January 24, 1907: Robert Baden-Powell founds the Boy Scouts. Lieutenant General Baden-Powell began the movement in order to aid young boys in their physical, mental, and spiritual growth. During his military career, General Baden-Powell taught his men basic wilderness survival skills. He noticed it not only enhanced their chances of survival, but developed the soldiers’ independence. During the Boer War, Baden-Powell organized the Mafeking Cadet Corps, a group of young boys who supported the troops as well as helped in the defense of the town. Each member received a badge with a combined compass point and spearhead, a precursor to the fleur-de-lis of the Boy Scouts badge.
In England, Baden-Powell’s movements while holding Mafeking were reported in the news. When the siege was broken, he became a national hero. While in the service, he wrote a small guide for military scouting called Aids to Scouting. Boys became very interested in the book and after his return to England, it was requested he rewrite the book for boys rather than military personnel. The Boys’ Brigade was a large youth movement with military underpinnings. Baden-Powell thought a group like this, but with a focus on life skills rather than military precision, would fill a need.
Baden-Powell published Scouting for Boys and soon the movement was spreading to all parts of the British Empire. The first overseas unit was chartered in Gibraltar in 1908. At first, the program focused only on boys aged 11-18. As it grew, it became evident there was a need to expand to younger boys, older young men, and girls. Cub Scout and Rover Scout programs were added by 1910. Agnes Baden-Powell, Robert’s sister, introduced the Girl Guides in 1910 with the support of her brother.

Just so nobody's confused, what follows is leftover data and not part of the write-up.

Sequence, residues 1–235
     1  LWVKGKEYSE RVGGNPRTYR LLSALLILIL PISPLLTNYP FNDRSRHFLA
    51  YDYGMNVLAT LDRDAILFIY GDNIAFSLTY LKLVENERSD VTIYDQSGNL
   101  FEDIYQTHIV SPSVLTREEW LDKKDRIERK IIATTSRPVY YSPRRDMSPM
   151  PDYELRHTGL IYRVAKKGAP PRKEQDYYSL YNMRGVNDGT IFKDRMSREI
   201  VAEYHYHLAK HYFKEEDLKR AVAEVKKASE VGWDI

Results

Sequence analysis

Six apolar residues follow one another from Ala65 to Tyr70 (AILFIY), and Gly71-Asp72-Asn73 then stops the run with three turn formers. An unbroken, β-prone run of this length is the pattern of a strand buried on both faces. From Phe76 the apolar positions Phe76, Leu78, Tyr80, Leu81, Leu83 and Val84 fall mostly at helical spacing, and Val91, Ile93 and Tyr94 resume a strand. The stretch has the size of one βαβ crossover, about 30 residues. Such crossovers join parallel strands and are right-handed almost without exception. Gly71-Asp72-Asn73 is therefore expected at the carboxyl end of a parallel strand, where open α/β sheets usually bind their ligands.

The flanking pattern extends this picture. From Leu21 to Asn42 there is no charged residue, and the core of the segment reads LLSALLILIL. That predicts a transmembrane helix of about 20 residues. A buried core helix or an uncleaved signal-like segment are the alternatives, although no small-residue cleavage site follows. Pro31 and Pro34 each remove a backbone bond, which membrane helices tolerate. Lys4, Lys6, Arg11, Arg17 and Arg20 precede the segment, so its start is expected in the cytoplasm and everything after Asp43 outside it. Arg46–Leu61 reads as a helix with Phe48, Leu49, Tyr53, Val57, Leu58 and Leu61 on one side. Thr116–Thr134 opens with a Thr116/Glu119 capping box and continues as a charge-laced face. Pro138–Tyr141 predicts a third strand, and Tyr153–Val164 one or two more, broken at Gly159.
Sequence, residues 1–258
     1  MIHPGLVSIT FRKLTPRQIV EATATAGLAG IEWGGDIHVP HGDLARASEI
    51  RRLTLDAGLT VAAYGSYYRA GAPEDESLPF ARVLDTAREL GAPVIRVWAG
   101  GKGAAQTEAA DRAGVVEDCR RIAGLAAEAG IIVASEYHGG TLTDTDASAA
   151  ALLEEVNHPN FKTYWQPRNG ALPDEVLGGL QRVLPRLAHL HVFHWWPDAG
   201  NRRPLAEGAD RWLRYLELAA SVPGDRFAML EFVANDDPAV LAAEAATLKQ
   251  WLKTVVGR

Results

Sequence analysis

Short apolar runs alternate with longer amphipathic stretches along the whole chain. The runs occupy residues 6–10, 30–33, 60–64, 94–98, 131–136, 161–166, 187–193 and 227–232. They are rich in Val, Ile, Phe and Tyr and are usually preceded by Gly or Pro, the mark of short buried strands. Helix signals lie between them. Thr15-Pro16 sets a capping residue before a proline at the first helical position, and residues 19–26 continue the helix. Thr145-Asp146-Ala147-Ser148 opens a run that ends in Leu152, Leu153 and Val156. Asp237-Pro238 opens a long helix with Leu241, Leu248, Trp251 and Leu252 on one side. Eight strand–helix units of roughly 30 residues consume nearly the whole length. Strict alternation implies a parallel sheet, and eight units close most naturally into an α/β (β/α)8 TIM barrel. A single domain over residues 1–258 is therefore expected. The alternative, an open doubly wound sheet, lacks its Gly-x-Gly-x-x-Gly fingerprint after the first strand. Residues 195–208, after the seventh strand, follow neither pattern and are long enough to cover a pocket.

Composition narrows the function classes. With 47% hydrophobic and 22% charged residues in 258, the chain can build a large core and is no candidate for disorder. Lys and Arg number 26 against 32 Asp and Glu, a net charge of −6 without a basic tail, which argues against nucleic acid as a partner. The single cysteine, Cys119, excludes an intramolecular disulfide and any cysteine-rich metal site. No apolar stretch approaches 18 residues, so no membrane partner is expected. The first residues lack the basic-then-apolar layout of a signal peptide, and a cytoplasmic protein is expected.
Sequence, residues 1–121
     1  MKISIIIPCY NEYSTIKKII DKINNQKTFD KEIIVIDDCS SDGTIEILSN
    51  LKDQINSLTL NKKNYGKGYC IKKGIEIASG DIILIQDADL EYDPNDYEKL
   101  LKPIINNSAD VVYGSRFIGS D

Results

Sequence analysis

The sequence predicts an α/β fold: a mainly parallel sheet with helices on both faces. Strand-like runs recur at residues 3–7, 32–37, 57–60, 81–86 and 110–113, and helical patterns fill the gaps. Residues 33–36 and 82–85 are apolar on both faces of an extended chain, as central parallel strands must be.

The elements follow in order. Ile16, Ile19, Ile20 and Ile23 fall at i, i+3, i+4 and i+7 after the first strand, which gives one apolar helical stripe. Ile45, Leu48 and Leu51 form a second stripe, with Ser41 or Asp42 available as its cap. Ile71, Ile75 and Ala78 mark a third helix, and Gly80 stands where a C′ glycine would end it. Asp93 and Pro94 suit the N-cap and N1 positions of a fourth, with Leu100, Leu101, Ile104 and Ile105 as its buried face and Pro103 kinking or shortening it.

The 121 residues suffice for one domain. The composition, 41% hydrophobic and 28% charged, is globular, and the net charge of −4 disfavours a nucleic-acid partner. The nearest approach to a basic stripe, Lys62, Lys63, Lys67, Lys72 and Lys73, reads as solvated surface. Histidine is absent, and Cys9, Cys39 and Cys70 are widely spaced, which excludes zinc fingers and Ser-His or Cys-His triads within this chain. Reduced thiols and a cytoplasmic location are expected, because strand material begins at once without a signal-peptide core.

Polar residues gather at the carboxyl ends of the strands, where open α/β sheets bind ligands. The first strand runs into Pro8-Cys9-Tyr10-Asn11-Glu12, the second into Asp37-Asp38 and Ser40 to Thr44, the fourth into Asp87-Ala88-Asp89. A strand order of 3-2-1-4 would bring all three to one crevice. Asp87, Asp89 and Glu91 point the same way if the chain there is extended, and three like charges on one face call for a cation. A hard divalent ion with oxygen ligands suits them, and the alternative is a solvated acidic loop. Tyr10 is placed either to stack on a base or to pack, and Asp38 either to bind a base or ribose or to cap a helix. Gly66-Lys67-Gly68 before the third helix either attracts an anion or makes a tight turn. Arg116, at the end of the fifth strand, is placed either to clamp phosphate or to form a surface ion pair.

Today, children aged 7-10 can join Cub Scouts or Girl Guides. Boys move to Boy Scouts aged 11-17 while girls move up to Girl Guide or Girl Scout status. Over age 18, Rover Scout or Ranger Guide is available. Adult supervision is provided by volunteers. The movement is truly global in scope with 28 million registered Scouts and 10 million registered Guides in 216 different countries. Some countries maintain gender separate groups while some have become co-educational. Indonesia boasts 8,100,000 members and the US has 7,500,000. The UK has 1 million members, the 6th highest membership country.
“My Scoutmaster made an indelible impact because he showed interest in young men by teaching us to do the right thing, to live right, and to be responsible for our actions.” – Reverend Dr. C.C. Robertson
“Scouting reinforces values you brought from home. It gave us an opportunity to share them with others whose values were not as strong.” – Jose Niño
“Following the Scout Law sounds like a game plan that would give us all a better chance for success in life—and I mean every area of life.” – Zig Ziglar
“I assure you of my own personal appreciation of Scouting as a magnificent experience and form of social and religious commitment.” – His Holiness Pope John Paul II
This article first appeared at Examiner.com in 2010. Editor’s update: Robert Baden-Powell, 1st Baron Baden-Powell was born in 1857 in London. He had a long military career beginning in 1876 when he joined the 13th Hussars in India with the rank of Lieutenant. By the 1880s in the Natal province of South Africa, he was developing his skills in military scouting with the aid of the Zulus. He served in several places under English influence. While traveling to America in 1912, he met Olave St. Clair Soames. She was 23 and he was 55. They eloped ten months later. The couple had three children and Baron Baden-Powell died in 1941 at the age of 83. He was in Kenya at the time and was buried there. When his wife died, her ashes were sent to be interred with her husband.
Also on this day: Badminton – In 1900, Newcastle Badminton Club opened, the oldest such club in England.
“Gold! Gold! Gold from the American River” – In 1848, James W. Marshall spies gold in the American River, sparking the California Gold Rush.
Never Surrender – In 1972, Shōichi Yokoi was found.